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Biden Focuses on Cultivating Relationships With Asian Economies

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EDITOR'S NOTE: The optimism that once accompanied globalization has now revealed its ugly side as geopolitical conflicts in Eastern Europe reshape how we view the price of inter-connectedness. Despite confusion regarding Biden’s Indo-Pacific Economic Framework, his new project has probably little to do with the kind of utopian globalism heralded in the 1990s. It appears more like an aggressive and old-fashioned territory grab by economic means. China’s exclusion makes this evident. It even goes beyond the notion of “counterbalance,” as the author describes. Biden’s move toward Asian economies is an attempt to disrupt China’s global expansion. Is it a smart move? That depends on the content of the framework itself. Right now, lawmakers on both sides of the fence see the framework as strategically lacking, according to a report published by The Hill. And Asian countries willing to join see it as empty “virtue signaling” with no real commitment to the East. So, are we about to see yet another strike for the Biden Administration; a testament to his ineptitude as president?

President Biden is putting Asian economies at the center of a new economic accord, at a time when globalization has become anathema, and geopolitical tensions are reshaping the world order.

Why it matters: Regional heavyweights like India, Australia, Japan, and South Korea are linchpins in the Indo-Pacific Economic Framework (IPEF), which (at least for now) has pointedly excluded China.

  • The administration is seeking new regional alliances and fortifying old ones, but those ambitions face an uphill climb.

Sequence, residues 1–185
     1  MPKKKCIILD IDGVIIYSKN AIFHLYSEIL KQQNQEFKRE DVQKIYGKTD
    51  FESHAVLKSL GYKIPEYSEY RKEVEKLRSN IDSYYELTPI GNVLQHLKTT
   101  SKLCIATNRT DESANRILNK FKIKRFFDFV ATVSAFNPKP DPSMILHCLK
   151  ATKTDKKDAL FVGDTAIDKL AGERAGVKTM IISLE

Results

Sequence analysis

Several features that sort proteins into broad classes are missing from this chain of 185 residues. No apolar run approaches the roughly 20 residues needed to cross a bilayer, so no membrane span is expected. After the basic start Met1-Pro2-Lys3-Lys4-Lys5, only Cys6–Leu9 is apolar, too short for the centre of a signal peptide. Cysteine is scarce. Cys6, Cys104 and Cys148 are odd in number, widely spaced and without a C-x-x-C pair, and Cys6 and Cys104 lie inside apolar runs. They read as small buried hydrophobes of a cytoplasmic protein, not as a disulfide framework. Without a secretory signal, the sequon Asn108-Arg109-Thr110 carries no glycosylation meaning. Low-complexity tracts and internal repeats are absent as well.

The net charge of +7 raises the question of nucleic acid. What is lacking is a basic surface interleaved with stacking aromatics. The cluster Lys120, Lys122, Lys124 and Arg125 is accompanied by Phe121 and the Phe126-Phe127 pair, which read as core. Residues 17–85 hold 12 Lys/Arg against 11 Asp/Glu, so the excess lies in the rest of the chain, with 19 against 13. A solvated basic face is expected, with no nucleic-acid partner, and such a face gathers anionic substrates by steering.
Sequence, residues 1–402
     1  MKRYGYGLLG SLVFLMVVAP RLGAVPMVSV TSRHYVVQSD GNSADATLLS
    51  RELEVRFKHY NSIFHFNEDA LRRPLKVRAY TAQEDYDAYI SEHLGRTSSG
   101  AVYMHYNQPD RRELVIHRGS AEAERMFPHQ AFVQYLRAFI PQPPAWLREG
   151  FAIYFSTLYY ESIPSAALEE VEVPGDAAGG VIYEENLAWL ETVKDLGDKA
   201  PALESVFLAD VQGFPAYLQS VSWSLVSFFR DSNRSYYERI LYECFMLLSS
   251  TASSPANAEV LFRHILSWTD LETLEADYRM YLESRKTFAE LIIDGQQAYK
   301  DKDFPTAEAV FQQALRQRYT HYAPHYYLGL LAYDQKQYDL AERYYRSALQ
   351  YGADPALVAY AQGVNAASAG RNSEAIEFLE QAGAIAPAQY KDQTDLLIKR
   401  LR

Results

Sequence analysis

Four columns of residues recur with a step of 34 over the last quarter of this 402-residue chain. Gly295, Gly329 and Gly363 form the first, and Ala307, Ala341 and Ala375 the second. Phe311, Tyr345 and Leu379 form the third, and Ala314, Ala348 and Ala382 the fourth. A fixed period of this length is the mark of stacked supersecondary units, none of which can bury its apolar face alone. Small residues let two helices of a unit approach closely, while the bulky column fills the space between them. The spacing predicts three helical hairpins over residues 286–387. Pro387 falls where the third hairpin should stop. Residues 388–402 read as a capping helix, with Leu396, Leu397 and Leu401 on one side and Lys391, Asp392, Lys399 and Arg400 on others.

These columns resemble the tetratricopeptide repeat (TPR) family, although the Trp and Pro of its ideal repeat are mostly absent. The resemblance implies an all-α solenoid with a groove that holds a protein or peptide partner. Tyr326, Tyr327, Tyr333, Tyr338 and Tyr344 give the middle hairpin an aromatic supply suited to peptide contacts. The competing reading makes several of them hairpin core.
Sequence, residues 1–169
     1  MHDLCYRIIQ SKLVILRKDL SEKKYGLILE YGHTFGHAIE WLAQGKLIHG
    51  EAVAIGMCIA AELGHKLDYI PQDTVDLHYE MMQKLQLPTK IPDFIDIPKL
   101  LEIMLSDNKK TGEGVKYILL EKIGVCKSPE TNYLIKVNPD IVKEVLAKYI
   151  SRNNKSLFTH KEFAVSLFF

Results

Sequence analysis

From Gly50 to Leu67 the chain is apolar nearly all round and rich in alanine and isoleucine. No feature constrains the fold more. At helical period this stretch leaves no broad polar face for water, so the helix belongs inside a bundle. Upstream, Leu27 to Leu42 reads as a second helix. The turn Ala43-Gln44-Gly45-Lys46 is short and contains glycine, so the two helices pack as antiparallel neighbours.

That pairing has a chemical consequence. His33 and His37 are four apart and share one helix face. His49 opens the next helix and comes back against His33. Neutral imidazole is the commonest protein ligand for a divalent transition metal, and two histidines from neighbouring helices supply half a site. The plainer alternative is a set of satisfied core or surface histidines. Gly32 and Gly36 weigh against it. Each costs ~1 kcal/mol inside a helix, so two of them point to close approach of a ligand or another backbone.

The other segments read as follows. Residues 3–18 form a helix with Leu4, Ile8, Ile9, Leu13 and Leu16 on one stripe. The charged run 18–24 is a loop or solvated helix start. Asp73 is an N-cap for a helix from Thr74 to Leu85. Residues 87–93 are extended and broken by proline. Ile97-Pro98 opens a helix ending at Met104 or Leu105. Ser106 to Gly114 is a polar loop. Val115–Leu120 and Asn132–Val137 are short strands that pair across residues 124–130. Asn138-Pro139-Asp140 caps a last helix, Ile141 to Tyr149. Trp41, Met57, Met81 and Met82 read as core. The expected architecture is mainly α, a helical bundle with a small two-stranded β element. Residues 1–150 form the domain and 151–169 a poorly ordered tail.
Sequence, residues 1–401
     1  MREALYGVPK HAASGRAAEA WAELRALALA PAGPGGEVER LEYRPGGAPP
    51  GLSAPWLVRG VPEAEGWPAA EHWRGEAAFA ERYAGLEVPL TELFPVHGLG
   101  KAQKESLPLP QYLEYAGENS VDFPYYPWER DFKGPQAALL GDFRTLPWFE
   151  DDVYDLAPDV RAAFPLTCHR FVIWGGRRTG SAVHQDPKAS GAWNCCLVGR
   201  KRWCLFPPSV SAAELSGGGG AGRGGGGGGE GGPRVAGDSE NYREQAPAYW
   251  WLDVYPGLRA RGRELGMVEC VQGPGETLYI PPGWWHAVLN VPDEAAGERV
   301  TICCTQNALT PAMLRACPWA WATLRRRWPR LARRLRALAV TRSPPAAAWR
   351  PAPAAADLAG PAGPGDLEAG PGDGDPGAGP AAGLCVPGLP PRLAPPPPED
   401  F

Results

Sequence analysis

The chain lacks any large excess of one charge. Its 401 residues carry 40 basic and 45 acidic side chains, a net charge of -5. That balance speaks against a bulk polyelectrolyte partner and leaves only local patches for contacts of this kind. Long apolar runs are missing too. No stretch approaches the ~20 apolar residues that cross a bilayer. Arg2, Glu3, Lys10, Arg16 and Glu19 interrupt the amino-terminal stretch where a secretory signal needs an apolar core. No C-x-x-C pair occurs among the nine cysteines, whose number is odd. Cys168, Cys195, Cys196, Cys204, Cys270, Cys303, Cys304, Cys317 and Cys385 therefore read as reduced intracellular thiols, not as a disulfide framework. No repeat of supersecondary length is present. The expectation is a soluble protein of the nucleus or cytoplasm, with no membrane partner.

By the numbers: Two-way trade between the U.S. and the region totaled $1.75 trillion in 2020, according to White House estimates, with American foreign direct investment just shy of $1 trillion.

  • The other side: According to the Center for Strategic International Studies (CSIS), some constituents are worried about the “optics” of not including Beijing.
  • Even worse, “partners in the region remain perplexed over what the IPEF is and what it seeks to do,” the CSIS wrote in a recent analysis.

The big picture: The bilateral U.S-China relationship is tense for a number of reasons, with grievances over trade and technology topping the list.

  • The new framework is designed in part to cultivate new allies, and counterbalance China, but it's already coming under bipartisan fire for being insufficiently clear or ambitious.

What they’re saying: Trade isn’t just about the flow of goods and services anymore. In a global economy increasingly reliant on advanced technology, Biden has an opportunity to craft rules “based on safety, security, and transparency, argues IBM vice chair Gary Cohn.

  • In an opinion piece shared with Axios, the ex-Goldman Sachs banker turned White House economist called the framework “a good start” that needs more muscle – and a laser-focus on data security and intellectual property.
  • “Without the certainty of clear, legal obligations, countries will be free to ignore its elements on a whim as different governing constituencies come to power,” he added.

Yes, but: Some Asian economies are concerned efforts will only involve “the usual suspects” while excluding other key countries.

  • “These partners view the success of the IPEF as hinging on the extent to which the United States can attract developing countries from Southeast Asia, South Asia, and the Pacific,” the CSIS said.

The bottom line: Asia is strategically critical, America needs all the friends in the region it can get, and many countries are committed in principle. But a flawed rollout may spoil the IPEF's chances before it even begins.

Originally published on Axios.

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